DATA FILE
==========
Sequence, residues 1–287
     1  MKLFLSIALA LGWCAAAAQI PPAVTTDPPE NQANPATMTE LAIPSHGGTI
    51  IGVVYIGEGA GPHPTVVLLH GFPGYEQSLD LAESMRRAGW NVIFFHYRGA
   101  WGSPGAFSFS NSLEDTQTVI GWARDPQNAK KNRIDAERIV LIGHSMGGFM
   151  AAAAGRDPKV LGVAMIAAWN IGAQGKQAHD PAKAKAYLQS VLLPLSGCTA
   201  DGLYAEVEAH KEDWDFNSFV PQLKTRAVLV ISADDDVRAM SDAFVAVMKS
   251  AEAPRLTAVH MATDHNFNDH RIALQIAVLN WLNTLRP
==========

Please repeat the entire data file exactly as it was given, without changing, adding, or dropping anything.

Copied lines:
Sequence, residues 1–287
     1  MKLFLSIALA LGWCAAAAQI PPAVTTDPPE NQANPATMTE LAIPSHGGTI
    51  IGVVYIGEGA GPHPTVVLLH GFPGYEQSLD LAESMRRAGW NVIFFHYRGA
   101  WGSPGAFSFS NSLEDTQTVI GWARDPQNAK KNRIDAERIV LIGHSMGGFM
   151  AAAAGRDPKV LGVAMIAAWN IGAQGKQAHD PAKAKAYLQS VLLPLSGCTA
   201  DGLYAEVEAH KEDWDFNSFV PQLKTRAVLV ISADDDVRAM SDAFVAVMKS
   251  AEAPRLTAVH MATDHNFNDH RIALQIAVLN WLNTLRP